Will mobile devices replace computers?
For the first time in history, US consumers are using mobile devices, such as smartphones and tablets, more than PC’s to access the internet. This is the main reason why more and more companies are creating apps and making their websites mobile-friendly to reach more consumers. As mobile technology continues to evolve and make mobile devices a serious contender against personal computers, the future of the PC is becoming more and more uncertain.
To learn more, checkout the infographic below created by New Jersey Institute of Technology’s Online Master of Business Administration degree program.
Mobile vs. desktop usage
It is estimated that 68% of American consumers own smartphones, while 45% own tablets. Over the years, the number of consumers who own mobile devices and computers has changed considerably. For instance, only 65% of American adult consumers owned cellphones in 2004, but in 2015, the figure had risen to 92%. On the other hand, only 35% of American adults owned smartphones in 2011, but this has since risen to 68% by 2015.
When it comes to personal computers, such as laptops and desktop computers, a whopping 71% of American adults owned a PC in 2014. In 2015, the number had risen by only 2% to 73%. In 2010, only 3% of adults in the country owned a tablet, but the number has risen to 45%. This means that many American adults have at least five internet enabled devices they can use to shop online.
A recent study revealed that MP3 and computer ownership has dropped among younger adults since 2010. The study, which involved US adults aged between 18-29 years, revealed that computer ownership among this demographic remained unchanged in 2010 and 2011, at 88%, but increased by only 1% in 2012. By 2015, the number of computer owners within this age group had dropped to only 78%.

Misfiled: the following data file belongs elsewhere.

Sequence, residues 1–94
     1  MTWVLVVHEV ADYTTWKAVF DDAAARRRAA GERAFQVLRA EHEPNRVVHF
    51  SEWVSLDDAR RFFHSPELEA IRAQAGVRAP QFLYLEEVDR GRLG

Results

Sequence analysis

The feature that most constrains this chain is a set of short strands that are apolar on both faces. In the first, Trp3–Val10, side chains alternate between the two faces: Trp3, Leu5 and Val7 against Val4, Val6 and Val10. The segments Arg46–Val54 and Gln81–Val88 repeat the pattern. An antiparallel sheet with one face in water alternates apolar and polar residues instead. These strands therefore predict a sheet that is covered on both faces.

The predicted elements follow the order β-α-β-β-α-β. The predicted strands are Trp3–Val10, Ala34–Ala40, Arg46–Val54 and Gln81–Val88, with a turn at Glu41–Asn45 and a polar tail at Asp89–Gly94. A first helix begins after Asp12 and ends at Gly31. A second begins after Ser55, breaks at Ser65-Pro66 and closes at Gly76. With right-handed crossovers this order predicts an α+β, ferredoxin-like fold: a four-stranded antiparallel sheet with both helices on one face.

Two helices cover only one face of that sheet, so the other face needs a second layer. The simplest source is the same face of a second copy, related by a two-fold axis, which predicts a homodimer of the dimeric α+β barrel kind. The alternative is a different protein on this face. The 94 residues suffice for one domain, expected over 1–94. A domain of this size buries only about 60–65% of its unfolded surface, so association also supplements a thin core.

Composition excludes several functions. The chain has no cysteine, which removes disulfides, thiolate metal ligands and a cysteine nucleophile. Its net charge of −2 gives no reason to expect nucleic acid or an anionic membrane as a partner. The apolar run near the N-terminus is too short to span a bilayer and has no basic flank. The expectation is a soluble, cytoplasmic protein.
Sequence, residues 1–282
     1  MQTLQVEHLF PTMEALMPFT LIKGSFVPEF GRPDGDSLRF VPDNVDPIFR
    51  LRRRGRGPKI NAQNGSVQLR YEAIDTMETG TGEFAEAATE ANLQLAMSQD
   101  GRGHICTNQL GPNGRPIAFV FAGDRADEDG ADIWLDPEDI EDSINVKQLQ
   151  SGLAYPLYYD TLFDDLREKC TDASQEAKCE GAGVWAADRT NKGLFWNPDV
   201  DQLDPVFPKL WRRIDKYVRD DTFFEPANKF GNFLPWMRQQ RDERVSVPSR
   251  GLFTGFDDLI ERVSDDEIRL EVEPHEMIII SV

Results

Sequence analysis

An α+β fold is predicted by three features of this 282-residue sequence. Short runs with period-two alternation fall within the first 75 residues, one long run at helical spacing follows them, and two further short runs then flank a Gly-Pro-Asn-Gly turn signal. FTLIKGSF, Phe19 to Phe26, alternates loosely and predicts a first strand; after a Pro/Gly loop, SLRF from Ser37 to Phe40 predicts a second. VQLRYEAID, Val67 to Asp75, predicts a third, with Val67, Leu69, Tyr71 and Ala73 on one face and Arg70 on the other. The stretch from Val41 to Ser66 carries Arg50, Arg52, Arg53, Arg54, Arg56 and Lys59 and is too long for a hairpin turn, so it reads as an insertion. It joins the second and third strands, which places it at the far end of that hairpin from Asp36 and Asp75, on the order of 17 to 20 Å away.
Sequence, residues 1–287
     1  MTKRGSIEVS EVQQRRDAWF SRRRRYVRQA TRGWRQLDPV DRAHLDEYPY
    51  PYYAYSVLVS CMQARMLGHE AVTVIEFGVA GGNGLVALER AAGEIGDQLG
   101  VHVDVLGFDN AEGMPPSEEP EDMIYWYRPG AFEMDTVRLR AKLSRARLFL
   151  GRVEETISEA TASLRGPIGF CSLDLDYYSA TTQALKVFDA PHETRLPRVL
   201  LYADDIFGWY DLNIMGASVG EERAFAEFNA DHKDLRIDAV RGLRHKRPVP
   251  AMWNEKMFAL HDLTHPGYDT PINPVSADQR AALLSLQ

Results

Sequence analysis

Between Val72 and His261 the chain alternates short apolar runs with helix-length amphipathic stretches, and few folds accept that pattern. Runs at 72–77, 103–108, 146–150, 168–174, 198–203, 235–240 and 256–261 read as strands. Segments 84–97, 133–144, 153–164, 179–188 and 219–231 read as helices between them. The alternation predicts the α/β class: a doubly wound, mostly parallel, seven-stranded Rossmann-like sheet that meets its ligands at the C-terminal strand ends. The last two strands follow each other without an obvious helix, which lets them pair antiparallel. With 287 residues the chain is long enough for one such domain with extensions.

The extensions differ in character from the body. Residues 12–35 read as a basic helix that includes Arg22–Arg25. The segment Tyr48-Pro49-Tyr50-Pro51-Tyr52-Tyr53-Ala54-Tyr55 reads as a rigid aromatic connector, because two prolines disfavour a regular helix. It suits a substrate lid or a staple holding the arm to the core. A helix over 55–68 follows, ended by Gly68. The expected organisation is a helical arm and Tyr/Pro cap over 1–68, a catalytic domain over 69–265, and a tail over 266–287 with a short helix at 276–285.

On the other hand, 75% of young adults in this age group owned an MP3 player in 2010, but the number had dropped to just 51% in 2015. During the same period, game console ownership among this age group reduced from 62% in 2010 to 56% in 2015.
The study also revealed that cellphone ownership among this age group increased from 96% in 2010 to 98% in 2015. On the other hand, smartphone ownership increased from just 52% in 2011 to 86% in 2015. Tablet and E-Book reader ownership, for the same age group, increased from just 5%, in 2010, to 50%t and 18% respectively in 2015.
The study further revealed that whites are more likely to buy a tablet than Hispanics and African Americans. However, tablet ownership among African Americans is not statistically different from tablet ownership among whites and Hispanics. Ownership rates for smartphones and tablets continue to rise. However, ownership rates for E-Book readers, game consoles, laptops and desktops have either declined or held steady. For consumers living in developing countries, smartphones are the primary device for accessing the internet.
Trends and technologies driving mobile usage
Advances in CPU and GPU technology